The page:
Comparing carbon offset credits

Comparing carbon offset credits

June 23, 2023 | By Christy Rivera in New York

Demand for voluntary carbon credits is outpacing the supply of high-quality carbon credits available.

Supply is hampered by concerns about quality of the carbon credits. Carbon offset claims by sellers can be challenging to verify.

A new standardized approach for comparing carbon credits is starting to take shape. Developers of renewable energy and carbon capture projects should be able to use the new core ratings principles as a guide for how to ensure their carbon offset credits are rated of high quality.

Voluntary Market

The carbon offset market is a potential additional revenue source for projects. (For more detail, see "Carbon Offsets as a Potential Source of Revenue" in the February 2022 NewsWire.)

A voluntary carbon credit — sometimes referred to as a carbon offset — represents one metric ton of carbon dioxide or equivalent greenhouse gases (GHG) that has been avoided or removed from the atmosphere.

Carbon credits are sold in voluntary markets.

When a buyer purchases carbon credits listed on a registry, it may enter into forward sales having terms of six months to a year, with terms of up to two or three years occurring less frequently. Much longer forward sales of 10 to 20 years are not uncommon when a buyer invests directly in the underlying project that will eventually produce the carbon credits.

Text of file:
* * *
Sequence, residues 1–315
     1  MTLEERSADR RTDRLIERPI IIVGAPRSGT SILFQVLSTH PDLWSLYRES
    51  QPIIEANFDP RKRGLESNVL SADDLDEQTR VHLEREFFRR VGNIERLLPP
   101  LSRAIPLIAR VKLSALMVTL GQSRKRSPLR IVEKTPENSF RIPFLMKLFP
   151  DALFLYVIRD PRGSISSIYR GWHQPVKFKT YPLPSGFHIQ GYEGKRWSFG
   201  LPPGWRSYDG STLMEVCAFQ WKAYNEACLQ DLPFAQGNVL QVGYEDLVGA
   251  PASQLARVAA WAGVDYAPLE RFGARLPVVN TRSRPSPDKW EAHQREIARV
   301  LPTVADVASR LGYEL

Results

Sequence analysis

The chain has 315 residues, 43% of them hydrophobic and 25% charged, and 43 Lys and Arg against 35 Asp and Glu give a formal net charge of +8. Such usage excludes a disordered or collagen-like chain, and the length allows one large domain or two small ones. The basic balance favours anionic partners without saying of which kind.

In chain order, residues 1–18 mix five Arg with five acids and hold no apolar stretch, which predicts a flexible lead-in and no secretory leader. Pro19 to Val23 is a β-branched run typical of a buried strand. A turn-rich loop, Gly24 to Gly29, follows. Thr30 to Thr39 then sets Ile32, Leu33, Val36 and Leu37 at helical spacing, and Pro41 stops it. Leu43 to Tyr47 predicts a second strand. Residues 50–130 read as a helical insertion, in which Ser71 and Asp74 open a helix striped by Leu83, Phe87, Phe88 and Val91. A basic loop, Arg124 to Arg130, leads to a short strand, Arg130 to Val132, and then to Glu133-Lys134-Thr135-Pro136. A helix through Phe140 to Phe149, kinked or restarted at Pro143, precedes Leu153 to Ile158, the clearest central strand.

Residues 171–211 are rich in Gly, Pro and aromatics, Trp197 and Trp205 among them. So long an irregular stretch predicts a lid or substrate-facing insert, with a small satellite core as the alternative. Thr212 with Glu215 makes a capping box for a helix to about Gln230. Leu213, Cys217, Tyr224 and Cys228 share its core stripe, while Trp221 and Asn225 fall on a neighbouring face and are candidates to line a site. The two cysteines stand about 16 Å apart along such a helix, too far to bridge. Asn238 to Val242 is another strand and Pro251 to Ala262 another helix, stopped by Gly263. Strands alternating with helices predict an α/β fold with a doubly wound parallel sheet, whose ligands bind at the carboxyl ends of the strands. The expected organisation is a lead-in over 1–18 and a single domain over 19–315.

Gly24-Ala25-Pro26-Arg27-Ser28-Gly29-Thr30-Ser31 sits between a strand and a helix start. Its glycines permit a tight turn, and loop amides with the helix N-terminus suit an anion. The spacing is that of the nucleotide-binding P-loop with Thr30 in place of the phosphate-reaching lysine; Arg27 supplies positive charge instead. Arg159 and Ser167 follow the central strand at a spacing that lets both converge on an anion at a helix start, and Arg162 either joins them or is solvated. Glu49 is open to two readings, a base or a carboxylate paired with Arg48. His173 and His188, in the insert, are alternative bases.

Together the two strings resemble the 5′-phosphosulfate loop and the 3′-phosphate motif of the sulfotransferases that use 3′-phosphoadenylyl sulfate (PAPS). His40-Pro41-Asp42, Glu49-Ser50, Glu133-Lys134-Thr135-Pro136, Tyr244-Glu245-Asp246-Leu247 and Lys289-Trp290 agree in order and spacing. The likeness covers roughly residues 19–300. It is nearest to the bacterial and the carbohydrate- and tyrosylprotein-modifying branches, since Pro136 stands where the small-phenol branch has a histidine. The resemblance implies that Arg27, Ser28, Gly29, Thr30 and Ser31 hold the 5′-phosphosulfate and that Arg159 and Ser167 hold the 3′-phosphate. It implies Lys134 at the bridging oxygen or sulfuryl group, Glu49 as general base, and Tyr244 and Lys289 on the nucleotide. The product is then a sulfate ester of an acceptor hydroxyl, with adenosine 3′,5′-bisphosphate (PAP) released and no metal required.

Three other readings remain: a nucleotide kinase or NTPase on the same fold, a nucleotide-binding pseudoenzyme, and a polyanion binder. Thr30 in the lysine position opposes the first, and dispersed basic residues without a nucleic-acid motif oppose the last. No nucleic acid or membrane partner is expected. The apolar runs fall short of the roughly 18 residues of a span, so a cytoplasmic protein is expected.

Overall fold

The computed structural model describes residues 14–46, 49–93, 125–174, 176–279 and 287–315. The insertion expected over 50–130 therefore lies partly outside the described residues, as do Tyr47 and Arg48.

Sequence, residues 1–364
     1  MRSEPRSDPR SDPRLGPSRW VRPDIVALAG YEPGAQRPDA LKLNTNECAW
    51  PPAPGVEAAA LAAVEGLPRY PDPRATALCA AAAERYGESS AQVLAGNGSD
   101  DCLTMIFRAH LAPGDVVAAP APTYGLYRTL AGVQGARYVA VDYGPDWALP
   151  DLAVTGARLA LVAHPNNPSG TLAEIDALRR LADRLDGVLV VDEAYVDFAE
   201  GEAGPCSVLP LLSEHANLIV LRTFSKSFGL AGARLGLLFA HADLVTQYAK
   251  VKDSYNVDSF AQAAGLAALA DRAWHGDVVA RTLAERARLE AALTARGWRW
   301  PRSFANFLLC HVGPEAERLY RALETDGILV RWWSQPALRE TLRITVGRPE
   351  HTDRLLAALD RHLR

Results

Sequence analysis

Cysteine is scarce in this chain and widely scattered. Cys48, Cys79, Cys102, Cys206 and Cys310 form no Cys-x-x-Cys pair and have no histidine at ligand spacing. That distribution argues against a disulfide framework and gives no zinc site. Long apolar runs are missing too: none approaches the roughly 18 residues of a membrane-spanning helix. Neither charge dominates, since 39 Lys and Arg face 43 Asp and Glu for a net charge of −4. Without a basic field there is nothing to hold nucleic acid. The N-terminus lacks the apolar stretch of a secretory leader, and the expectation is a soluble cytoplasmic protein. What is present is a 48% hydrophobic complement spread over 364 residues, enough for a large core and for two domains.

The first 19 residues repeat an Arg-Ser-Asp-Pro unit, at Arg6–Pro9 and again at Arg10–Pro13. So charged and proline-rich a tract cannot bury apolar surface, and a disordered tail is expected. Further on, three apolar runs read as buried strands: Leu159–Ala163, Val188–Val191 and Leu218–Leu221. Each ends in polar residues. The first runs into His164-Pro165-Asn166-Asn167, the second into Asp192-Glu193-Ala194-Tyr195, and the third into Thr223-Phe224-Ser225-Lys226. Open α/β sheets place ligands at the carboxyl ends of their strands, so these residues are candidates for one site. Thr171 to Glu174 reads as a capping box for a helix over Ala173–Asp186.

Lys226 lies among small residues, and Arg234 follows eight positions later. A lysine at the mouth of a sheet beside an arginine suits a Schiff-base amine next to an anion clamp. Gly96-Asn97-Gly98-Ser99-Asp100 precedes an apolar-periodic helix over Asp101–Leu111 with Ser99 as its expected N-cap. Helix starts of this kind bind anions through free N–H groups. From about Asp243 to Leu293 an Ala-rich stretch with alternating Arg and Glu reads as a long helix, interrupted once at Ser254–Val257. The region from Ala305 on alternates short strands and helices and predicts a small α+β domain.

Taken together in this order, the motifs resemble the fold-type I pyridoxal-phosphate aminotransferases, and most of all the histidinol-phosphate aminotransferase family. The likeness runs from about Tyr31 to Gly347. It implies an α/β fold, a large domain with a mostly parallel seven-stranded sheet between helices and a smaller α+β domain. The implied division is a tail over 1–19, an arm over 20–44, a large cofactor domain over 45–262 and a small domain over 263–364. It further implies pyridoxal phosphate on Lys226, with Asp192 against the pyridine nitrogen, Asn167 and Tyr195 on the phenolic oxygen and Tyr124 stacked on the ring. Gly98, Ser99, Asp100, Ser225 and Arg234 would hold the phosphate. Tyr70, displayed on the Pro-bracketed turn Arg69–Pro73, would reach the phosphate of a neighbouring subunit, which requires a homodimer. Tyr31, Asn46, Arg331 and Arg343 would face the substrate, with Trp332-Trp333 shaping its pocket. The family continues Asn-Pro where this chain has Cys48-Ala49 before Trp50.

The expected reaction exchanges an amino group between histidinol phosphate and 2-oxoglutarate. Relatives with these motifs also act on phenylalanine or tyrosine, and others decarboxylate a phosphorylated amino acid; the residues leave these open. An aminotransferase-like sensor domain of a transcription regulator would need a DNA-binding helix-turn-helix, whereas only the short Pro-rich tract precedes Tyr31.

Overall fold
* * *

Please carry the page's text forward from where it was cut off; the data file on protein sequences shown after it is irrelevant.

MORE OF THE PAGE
Many buyers are companies that have set voluntary emissions targets and want to use carbon credits to offset their emissions.

Buyers do not want to purchase just any carbon credits. Like most people, they want to know what they are buying. Buyers focus on purchasing carbon credits that have been well-vetted and are created by projects that have been independently verified to reduce or remove the amount of GHG emissions that the project developers claim. Verification of the carbon credits and underlying projects gives buyers comfort that the carbon credits purchased are credible. Validation of the carbon credits also increases the price that buyers are willing to pay to developers for these credits.

However, there is no single uniform system used to validate carbon credits. Instead, there are various carbon-crediting programs, each with different standards, that developers can use to register carbon credits from developed projects.

A carbon-crediting program is a program that reviews projects and registers the related carbon credits. Also referred to as registries, carbon-crediting programs include The Gold Standard, Climate Action Reserve, American Carbon Registry and Verra.

Each carbon-crediting program has its own criteria for evaluating projects that wish to register carbon credits with the program, and each program has its own methodologies for testing the underlying projects against those criteria. While the registries look at similar factors, there is no easy way to compare on a "apples-to-apples" basis a carbon credit registered on one registry to a carbon credit registered on another registry.

The lack of a single uniform system to verify credits makes it more difficult for a buyer to identify high-quality carbon credits and properly value those credits across different types of projects.